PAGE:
Hive on the Hill

Every spring our flowering crab trees come alive. The sweet smelling blooms hang heavy with bees. You can hear them busily working from the other end of the barn. This year we are hosting our first hive. I can’t tell you how excited we are. I’ve been doing a lot of reading and decided to use essential oils in our hive instead of the recommended medication and chemical treatments. As I understand it, beekeeping is all trial and error so using the oils is where I’m starting.

Essential Oils In or Around Our Hive To-Date
Lemongrass (aff. link)
Wintergreen (aff. link)
Tea Tree (aff. link)
Lavender (aff. link)
Cinnamon (aff. link)

I will let you know how it goes before I make any recommendations considering I don’t really know what I’m doing. Honesty it the best policy, right?

We picked up our bees a week ago on Saturday evening, a little later than I had planned but it worked out well. We were told that there is usually a long line of cars waiting to pick up and there are bees flying everywhere. Turns out we missed that organized chaos. We actually drove past the yard and when we pulled in we were the only ones there.

The gentlemen helping us took the brooder box from the back of my SUV and brought it over to a huge stack of nuc’s or mini hives as I would describe it. He began taking out one frame at a time and closely inspecting them. That’s where a few bees started buzzing about. I was just watching from the car when he asked if I wanted to see the queen.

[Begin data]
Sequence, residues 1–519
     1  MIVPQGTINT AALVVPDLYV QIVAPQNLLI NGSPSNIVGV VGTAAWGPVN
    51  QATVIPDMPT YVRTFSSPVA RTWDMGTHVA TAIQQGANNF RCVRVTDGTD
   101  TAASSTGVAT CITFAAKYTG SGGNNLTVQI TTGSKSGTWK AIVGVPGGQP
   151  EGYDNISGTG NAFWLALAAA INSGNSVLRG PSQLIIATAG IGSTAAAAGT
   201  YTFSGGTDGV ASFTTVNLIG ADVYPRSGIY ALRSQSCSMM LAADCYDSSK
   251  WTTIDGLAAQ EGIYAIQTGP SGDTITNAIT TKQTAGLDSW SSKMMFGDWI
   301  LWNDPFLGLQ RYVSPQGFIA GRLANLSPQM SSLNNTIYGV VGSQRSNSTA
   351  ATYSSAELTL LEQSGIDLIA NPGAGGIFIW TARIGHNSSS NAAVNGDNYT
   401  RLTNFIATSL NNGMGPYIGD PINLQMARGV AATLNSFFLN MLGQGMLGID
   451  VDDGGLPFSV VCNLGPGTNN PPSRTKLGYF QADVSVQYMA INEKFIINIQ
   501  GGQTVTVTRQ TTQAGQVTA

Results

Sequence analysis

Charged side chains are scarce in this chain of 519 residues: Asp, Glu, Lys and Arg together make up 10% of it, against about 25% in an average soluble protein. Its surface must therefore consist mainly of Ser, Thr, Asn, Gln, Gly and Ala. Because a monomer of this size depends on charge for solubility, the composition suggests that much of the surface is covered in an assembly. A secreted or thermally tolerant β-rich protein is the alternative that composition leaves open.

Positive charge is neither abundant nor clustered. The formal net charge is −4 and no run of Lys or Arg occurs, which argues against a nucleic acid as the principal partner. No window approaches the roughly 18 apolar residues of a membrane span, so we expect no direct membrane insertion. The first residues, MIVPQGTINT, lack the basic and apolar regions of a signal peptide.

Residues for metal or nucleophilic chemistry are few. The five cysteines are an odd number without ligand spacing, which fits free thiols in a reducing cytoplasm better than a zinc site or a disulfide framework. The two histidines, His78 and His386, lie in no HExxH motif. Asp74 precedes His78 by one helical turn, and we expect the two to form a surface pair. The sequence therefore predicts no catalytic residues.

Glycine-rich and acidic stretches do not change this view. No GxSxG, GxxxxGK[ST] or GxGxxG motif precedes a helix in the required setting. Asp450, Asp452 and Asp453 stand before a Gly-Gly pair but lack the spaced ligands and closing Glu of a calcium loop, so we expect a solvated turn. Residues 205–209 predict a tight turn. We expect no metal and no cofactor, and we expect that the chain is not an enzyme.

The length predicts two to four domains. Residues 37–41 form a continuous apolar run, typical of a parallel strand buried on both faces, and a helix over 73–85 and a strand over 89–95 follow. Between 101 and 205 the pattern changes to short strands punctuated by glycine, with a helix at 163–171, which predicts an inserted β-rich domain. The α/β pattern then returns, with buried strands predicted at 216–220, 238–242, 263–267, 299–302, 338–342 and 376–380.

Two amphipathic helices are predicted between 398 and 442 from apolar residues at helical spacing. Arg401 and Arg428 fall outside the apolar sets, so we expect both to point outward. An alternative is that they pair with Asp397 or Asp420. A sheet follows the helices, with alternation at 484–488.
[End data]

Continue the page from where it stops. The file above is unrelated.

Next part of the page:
Of course! I’ve been reading about the different types of bees in the hive and their roles so yes I wanted to see our queen. I grabbed my bee hat and hopped out of the car. It wasn’t the best decision I’d ever made, but it wasn’t the worst either. I got to see the queen and refresh my memory of what a sting feels like.

I was warned wear long sleeves and gloves or at least have band around your cuffs so the bees don’t climb in. I wore a t-shirt. Yep. I had long sleeves and gloves in the car, right next to the hat I grabbed. I didn’t want to miss out on seeing the queen and didn’t think twice before going to check it out.

Well, by the time we were loaded up and driving out I had three stings. All three under the sleeves of my t-shirt. I got the first (second and third) stings of the season out of the way and confirmed I’m still not allergic.

Once home, Mike set the box on the pallet stand he put together. He pulled back the hardware cloth that was keeping the bees in during transport. The handful that were loose in the car were enough, we sure didn’t need the whole swarm buzzing freely. That might have been the second minor mistake of the night as a few bees started to fly out and I think died because of the cool evening temps.

Mike moved the roof and top lid over just enough for me to fill the feeder with a sugar water and essential oil mixture for them. Then we carefully replaced the lid and were done for the night. Just in time for the sun to finish setting.

A Sunday afternoon hive inspection showed bees busily building comb for brood and coming back to the hive loaded with pollen.


Disclaimer- the (aff. links) on the essential oils will take you to, where I can receive a small commission on purchases from those links at no expense to you.

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